Oxford Nanopore Technologies announces participation in €12m READNA project
Consortium to improve DNA analysis technologies launches under EU Seventh Framework Programme (FP7)
3rd December 2008, Oxford, UK. Oxford Nanopore Technologies (“Oxford Nanopore”) today announced its participation in the Revolutionary Approaches and Devices for Nucleic Acid analysis project (READNA). The newly-launched READNA consortium includes researchers from 16 academic and industrial institutions and will receive €12m in funding over four years, under the European Union’s Seventh Framework Programme (FP7).
As part of the consortium, Oxford Nanopore will receive €730,000 in grant funding to support the development of its nanopore technology into an early exonuclease/nanopore DNA sequencing system. The Company will also work on projects to integrate protein nanopores and solid-state materials for the further progression of nanopore sequencing, the development of a new technique that uses nanopores for genome-wide methylation studies and the development of droplet-based bilayer arrays for rapid, multiplexed genotyping.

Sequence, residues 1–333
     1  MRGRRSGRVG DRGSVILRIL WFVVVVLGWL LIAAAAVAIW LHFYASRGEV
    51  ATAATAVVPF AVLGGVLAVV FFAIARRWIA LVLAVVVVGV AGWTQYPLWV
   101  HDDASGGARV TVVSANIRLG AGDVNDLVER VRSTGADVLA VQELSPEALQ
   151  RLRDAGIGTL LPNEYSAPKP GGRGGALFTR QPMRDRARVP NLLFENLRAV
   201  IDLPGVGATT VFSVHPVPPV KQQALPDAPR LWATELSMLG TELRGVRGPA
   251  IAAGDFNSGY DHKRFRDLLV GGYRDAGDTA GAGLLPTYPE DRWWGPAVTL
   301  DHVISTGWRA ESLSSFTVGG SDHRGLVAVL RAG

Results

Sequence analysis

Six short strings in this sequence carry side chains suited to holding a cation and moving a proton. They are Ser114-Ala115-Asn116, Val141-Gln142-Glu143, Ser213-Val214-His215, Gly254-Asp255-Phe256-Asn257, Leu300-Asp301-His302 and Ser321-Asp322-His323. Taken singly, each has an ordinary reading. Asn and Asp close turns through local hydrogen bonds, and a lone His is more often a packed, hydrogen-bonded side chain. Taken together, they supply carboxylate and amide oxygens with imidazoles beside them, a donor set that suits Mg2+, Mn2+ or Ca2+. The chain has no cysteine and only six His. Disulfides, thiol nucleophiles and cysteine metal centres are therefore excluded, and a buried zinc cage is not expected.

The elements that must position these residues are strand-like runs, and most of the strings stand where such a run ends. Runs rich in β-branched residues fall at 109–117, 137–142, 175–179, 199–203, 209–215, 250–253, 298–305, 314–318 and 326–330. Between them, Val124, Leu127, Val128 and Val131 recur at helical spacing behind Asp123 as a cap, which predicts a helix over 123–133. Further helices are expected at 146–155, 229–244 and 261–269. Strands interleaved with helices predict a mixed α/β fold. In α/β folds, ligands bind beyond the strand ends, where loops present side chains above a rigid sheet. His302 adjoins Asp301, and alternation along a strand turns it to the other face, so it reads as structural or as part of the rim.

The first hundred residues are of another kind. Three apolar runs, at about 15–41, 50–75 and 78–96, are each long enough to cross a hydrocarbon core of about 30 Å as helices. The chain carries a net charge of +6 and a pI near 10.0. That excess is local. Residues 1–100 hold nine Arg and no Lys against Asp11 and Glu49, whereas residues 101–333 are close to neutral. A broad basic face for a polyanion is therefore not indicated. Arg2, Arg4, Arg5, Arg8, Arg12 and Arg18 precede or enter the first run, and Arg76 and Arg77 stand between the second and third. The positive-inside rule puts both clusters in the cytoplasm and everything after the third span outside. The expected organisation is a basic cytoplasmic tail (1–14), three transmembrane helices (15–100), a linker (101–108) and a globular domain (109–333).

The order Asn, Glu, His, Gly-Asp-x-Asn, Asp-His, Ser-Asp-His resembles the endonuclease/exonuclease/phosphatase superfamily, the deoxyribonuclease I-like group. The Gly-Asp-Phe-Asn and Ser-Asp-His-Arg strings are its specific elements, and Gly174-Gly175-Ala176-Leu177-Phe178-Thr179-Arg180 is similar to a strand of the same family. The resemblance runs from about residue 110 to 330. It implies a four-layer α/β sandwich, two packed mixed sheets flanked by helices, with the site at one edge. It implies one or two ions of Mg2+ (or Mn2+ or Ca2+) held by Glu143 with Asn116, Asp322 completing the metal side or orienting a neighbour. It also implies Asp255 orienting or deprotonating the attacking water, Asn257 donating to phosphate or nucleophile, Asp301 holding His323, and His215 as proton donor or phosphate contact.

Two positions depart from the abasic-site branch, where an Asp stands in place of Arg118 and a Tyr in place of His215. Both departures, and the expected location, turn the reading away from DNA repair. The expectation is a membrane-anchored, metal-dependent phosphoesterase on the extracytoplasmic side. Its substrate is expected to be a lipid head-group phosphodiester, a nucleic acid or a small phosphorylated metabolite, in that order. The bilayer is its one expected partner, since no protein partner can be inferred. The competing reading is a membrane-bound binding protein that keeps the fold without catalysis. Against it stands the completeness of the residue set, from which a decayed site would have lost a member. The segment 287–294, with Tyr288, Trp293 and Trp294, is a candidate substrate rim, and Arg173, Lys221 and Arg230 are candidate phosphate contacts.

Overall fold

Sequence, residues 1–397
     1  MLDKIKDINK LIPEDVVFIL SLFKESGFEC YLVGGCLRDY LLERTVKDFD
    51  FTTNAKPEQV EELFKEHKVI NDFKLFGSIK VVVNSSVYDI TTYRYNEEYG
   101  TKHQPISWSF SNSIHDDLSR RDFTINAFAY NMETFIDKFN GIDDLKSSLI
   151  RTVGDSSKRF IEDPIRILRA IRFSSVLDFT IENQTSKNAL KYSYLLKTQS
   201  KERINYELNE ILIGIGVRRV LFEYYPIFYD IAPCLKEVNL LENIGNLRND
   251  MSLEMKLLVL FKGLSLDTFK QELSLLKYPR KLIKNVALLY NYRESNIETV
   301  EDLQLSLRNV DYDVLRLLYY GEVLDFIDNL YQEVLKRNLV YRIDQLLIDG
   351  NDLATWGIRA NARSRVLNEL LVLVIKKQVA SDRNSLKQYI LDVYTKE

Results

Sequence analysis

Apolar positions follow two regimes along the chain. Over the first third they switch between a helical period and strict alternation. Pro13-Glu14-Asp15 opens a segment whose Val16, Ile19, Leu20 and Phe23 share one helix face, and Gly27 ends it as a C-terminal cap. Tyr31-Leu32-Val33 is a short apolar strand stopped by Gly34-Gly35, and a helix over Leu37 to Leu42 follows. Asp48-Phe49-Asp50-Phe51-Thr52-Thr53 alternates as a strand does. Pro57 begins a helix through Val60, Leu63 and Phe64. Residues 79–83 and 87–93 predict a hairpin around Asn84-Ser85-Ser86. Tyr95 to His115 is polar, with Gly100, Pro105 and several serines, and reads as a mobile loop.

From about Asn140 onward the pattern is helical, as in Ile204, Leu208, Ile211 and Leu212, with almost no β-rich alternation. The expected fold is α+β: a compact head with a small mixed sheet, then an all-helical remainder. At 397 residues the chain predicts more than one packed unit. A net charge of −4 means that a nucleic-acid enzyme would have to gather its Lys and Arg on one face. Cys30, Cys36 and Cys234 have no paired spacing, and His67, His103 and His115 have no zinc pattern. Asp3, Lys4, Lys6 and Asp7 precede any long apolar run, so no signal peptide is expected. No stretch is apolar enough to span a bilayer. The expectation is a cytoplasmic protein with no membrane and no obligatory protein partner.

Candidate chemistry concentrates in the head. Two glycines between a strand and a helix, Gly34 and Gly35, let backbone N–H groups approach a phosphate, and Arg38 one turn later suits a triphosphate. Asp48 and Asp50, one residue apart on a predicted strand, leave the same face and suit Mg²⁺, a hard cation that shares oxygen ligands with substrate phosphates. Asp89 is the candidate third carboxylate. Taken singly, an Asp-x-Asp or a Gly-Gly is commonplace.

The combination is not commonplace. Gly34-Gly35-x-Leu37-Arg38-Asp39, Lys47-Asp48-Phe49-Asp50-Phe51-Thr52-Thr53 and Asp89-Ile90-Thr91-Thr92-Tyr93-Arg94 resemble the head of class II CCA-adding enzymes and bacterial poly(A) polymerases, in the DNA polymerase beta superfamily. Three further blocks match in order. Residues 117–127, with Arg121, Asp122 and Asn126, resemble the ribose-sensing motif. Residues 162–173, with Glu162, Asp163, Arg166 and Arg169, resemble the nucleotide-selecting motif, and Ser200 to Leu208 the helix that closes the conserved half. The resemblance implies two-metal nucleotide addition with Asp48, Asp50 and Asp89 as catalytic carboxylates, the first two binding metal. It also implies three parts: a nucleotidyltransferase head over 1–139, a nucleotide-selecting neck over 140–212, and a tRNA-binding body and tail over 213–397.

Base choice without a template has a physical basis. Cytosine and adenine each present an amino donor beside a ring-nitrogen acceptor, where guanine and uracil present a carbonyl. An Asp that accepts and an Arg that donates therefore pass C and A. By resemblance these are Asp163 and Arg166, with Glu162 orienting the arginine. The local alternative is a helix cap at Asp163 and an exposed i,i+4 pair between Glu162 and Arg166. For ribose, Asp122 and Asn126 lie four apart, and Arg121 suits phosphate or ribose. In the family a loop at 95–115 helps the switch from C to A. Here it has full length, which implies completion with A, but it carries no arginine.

Oxford Nanopore will collaborate closely with researchers from the University of Oxford, including Professor Hagan Bayley’s Chemical Biology group, the Biological Physics group and the Wellcome Trust Centre for Human Genetics. The University will receive €2m to support READNA projects.
“We are proud to be part of the READNA project, which includes representatives from Europe’s leading research institutions and developers of genomic technologies,” said Dr Gordon Sanghera, CEO of Oxford Nanopore. “The consortium aims to revolutionise nucleic acid analysis. Our role as the developer of a new generation of sequencing technology, based on nanopores, is critical to the project. With support also being given to our academic collaborators, we believe we are in the best position to deliver a meaningful improvement in sequencing technology with our label-free, single-molecule nanopore system.”